Unconventional: Not All Rule-Breakers are Equal
The Pre / Trans Fallacy in Moral Development
Why people do what they do matters at least as much as what they do. Two people may take the same kind of action, and yet their action may be motivated by completely different reasons.
A most common mistake in referring to human behavior is the Pre / Trans fallacy. Just because someone’s behavior disregards rules and conventions, it is called ‘unconventional’, the assumption being made that the unconventional behavior is superior to the conventional one.
The reality is that the human moral intelligence evolves, moving through developmental stages, transcending and including each previous stage. Largely, the stages are pre-conventional, conventional, and post-conventional.
The pre-conventional stage of development is the self-absorbed, ego-centric narcissist. This is the stage in the child’s development when ego and boundaries are formed. The pre-conventional child or adult is ignorant of social rules and conventions. He or she is not able to take on another perspective besides her own. Actions are motivated by ego-centric impulses: “I do what I do because it’s good for me” Or “Apres moi, le deluge” – what Louis XV of France declared “After me, the flood!”, possibly meaning “After my reign, let the floods come; it does not matter to me”.
Teens learn the value of societal convention. They learn to take another’s perspective: “You” – or “Us”. The conventional stage of moral development is where the teens and most adults are at in the world. “I do what I do for my family, or my country, or my people.” This is an ethno-centric stage of moral development, where the individual lives by the rules of his culture.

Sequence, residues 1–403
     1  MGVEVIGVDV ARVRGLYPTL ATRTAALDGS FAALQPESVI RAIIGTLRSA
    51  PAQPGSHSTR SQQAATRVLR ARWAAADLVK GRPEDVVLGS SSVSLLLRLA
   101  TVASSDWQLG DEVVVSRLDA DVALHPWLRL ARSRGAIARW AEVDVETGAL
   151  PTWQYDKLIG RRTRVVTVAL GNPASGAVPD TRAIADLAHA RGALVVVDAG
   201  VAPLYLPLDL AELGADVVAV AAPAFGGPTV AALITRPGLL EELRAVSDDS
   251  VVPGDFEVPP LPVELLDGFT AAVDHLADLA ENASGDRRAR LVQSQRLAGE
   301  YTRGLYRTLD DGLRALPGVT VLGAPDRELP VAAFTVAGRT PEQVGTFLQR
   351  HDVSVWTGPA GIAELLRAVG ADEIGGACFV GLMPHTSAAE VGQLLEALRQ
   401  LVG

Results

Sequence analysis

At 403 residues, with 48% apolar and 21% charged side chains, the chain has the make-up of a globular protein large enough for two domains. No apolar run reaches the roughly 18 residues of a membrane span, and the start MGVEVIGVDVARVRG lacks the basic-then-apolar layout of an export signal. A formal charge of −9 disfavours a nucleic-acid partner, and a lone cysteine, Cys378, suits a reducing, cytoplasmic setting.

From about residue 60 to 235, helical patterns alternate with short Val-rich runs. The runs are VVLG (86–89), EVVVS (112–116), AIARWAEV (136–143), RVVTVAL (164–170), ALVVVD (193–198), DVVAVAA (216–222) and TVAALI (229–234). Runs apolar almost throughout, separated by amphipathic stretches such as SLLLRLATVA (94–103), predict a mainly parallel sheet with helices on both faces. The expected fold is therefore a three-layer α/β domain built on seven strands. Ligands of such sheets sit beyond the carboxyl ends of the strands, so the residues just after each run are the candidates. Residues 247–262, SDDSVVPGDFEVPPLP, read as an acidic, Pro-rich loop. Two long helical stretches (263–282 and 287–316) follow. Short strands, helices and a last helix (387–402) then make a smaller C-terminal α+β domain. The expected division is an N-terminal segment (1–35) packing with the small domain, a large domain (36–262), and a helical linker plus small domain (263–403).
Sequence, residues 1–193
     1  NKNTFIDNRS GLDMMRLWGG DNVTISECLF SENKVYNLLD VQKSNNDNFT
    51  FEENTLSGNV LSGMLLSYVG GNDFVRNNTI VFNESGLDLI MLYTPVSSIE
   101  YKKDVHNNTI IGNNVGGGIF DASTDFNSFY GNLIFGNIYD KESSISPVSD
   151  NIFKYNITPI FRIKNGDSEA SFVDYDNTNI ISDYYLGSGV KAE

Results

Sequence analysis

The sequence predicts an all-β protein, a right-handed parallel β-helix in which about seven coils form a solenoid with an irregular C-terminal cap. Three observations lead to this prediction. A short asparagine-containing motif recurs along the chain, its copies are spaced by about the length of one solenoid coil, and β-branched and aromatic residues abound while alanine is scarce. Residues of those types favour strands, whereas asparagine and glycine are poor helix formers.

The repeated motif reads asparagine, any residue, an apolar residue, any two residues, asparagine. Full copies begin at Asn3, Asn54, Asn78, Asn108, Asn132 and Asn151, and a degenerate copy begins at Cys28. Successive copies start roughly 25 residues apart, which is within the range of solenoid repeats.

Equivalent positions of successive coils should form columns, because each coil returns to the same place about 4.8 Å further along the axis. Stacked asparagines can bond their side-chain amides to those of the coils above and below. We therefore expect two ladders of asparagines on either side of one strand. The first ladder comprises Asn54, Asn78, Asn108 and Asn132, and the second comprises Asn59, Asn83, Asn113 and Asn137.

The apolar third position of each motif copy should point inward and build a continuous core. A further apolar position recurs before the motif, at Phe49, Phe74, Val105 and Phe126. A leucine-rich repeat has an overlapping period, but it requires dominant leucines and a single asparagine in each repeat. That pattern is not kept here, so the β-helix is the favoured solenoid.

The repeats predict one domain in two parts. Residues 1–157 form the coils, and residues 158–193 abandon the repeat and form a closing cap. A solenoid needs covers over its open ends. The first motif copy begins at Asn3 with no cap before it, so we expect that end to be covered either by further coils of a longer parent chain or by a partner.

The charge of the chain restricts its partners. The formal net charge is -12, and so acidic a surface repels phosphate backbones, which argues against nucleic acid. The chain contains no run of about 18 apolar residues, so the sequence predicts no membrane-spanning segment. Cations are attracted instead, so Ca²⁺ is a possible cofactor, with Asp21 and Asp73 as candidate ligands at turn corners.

The next stage is when the person starts questioning the rules she has been living by. “Is this how things should be? Could it be in any way different?”
If you ask the following question to three different people at different stages of moral development, you may hear the same answer but fueled by different reason:
“If your spouse suffered of a life-threatening illness which can be cured by an expensive drug that you can’t afford, would you steal the money to buy the drug for her / him?
Two people will say “yes”, one person will answer “no”.
The conventional person will say “No, because it’s wrong to steal. The law / the Ten Commandments, say you shouldn’t steal, so I won’t.”
The other two people will answer: “Yes, I’ll steal the money for the drug” – but they do so for different reasons.
The pre-conventional person will say: “Yes, of course I’ll steal the money, because rules don’t apply to me. If I need that drug, I’ll get it.” This is the “I want it, I get it” ego-centric thinking. The trans-conventional person will answer: “Yes, I’ll steal the money, because saving a person’s life is more valuable than $ 200.-” They both answer “Yes”, but for different reasons.
In conclusion, referring to a person’s attitude or behaviour as “Unconventional” will not reveal anything about this person’s ethics. Looking into the motives to their action will.